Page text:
Each predicate of each compound condition must be counted separately. E.g.,
A&B&C A&B&C A B&C A B&C A A C B C M = 2 M = 3 M = 4 A _ B&C ___ A&B&C _____ A _ B _ C _
24.
Cyclomatic complexity of programming constructs 2 2 M = 2 1. if E then A else B 2. C 1 l m K 2 3 ... 1. case E of 2. a: A 3. b: B … k. k-1: N l. end case m. L M = (2(k-1)+1)-(k+2)+2=K-1 1 4 2 3 M = 2 1. loop A 2. exit when E B 3. end loop 4. C 2 1 1. A B C … 2. Z M = 1
25.
Applying cyclomatic complexity to evaluate test plan completeness
Count how many test cases are intended to provide branch coverage.
If the number of test cases < M then one of the following may be true:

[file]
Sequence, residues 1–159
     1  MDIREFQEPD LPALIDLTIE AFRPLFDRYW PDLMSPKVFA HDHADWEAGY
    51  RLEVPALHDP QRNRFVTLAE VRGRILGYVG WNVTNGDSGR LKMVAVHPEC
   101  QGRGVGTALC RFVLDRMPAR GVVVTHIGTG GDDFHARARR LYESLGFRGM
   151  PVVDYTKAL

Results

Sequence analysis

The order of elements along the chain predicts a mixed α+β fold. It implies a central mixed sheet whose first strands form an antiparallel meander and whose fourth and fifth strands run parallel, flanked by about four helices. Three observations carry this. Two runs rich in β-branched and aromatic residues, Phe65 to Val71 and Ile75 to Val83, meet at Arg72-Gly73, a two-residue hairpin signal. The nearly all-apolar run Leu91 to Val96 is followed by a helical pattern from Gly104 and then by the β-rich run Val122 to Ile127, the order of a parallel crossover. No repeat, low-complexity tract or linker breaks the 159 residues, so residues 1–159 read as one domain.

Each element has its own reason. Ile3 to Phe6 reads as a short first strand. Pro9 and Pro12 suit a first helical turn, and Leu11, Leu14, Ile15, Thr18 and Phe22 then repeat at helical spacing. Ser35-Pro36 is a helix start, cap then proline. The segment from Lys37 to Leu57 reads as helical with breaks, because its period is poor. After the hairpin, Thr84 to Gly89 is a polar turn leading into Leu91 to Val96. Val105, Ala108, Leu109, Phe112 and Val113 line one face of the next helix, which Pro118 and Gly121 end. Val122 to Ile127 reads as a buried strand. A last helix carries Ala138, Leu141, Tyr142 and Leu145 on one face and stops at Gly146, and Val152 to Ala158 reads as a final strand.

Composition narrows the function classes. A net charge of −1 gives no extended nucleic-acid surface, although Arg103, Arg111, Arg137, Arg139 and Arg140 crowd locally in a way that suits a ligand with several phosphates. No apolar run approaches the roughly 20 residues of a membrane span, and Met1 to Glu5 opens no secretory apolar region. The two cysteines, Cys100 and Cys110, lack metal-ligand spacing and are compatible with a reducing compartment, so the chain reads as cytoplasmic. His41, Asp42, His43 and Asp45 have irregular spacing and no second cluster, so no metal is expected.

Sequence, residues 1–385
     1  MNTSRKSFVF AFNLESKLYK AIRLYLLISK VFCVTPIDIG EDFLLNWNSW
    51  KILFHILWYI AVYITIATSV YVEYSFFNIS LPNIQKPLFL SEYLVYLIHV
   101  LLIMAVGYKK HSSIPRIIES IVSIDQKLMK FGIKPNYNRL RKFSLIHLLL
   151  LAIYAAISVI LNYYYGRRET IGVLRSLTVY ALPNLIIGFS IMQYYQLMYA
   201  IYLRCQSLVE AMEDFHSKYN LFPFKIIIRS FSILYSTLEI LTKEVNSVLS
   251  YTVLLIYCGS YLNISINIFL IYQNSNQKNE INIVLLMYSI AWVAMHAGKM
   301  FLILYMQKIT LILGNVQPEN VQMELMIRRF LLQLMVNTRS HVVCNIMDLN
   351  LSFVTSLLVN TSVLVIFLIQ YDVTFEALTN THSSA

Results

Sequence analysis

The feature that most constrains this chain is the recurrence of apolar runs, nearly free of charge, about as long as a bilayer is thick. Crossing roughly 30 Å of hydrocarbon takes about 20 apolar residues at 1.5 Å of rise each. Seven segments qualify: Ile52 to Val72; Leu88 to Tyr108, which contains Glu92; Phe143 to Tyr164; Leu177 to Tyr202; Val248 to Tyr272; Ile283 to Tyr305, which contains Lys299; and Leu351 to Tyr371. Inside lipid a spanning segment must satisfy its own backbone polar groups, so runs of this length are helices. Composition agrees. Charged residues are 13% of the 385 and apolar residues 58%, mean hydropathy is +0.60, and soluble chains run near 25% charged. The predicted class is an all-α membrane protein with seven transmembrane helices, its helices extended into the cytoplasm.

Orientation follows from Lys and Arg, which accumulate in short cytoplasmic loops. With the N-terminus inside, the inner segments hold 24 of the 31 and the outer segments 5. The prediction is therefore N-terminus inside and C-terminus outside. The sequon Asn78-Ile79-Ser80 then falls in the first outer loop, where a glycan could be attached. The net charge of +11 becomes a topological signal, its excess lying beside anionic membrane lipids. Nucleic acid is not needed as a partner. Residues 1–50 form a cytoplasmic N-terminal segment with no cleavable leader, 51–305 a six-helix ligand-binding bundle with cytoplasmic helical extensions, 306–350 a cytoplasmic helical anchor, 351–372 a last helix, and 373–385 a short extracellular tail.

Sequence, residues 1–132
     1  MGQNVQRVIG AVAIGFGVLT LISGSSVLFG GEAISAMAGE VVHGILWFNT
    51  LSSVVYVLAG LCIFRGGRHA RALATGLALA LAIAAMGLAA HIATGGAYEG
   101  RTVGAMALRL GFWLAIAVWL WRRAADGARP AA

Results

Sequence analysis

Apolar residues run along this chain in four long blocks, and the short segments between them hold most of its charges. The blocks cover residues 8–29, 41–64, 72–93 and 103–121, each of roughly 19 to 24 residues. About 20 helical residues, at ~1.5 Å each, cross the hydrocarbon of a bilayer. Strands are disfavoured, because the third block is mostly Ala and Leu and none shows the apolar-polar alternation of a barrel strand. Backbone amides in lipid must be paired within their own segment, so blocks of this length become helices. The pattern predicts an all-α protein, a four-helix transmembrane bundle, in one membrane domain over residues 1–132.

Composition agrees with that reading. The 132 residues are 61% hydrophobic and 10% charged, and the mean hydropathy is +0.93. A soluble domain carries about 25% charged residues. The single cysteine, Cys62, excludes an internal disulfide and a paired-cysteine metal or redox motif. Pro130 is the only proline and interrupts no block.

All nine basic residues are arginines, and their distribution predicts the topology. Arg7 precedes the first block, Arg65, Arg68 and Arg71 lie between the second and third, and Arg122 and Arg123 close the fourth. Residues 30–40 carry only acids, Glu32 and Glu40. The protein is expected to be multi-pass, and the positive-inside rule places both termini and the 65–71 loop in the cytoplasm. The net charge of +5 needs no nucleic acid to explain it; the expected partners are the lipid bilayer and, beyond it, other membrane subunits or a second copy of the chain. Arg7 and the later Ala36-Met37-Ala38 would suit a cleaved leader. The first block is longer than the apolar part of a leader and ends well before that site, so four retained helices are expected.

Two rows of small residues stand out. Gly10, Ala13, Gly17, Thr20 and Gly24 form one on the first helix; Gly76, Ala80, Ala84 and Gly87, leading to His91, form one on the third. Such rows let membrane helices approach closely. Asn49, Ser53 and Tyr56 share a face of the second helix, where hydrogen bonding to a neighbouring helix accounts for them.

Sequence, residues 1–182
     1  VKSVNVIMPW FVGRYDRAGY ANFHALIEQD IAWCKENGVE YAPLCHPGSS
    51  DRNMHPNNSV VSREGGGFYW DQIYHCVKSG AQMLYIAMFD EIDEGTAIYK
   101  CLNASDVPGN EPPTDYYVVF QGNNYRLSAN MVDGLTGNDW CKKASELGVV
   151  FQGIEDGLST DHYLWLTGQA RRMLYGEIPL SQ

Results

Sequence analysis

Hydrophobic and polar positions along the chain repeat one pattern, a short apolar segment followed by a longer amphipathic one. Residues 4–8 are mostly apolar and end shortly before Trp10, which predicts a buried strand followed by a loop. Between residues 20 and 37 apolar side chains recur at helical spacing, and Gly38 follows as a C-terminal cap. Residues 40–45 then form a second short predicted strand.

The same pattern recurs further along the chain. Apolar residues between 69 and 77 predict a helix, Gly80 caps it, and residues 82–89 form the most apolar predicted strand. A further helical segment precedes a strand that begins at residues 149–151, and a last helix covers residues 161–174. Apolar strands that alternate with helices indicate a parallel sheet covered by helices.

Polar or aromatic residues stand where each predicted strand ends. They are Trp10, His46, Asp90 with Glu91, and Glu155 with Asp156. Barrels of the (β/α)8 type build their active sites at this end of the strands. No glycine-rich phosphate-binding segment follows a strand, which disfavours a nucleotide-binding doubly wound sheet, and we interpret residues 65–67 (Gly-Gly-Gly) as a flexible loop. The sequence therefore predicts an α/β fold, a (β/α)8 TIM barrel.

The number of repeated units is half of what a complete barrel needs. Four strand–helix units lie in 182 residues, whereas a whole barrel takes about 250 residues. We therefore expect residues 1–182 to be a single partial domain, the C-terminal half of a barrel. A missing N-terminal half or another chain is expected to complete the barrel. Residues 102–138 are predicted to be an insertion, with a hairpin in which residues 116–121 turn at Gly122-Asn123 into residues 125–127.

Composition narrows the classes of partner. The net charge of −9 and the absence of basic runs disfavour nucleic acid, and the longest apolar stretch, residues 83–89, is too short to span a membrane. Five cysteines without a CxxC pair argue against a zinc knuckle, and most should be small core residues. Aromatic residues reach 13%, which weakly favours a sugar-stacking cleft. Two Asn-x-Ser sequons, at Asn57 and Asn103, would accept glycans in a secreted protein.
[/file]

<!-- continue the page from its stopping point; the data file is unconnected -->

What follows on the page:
You haven’t calculated M correctly.
Coverage isn’t complete.
Coverage is complete but it can be done with more but simpler paths.
Use the relationship between M and the number of covering test cases as a guideline not an immutable fact.
27.
Subroutines & M Embedded Common Part Subroutine for Common Part Nm+kNc Lm+kLc 0 0 Nm Lm+k Nc+2 Lc Lm+kLc-Nm-kNc+2 0 Lm+kLc-Nm-kNc+2 Lm+k-Nm+2 Lc-Nc-2+2=Lc-Nc=Mc Lm+Lc-Nm-Nc+k+2 Main Nodes Main Links Subnodes Sublinks Main M Subroutine M Total M
28.
When is the creation of a subroutine cost effective?
Break Even Point occurs when the total complexities are equal:
The break even point is independent of the main routine’s complexity.
If the typical number of calls to a subroutine is 1.1 (k=1.1), the subroutine being called must have a complexity of 11 or greater if the net complexity of the program is to be reduced.
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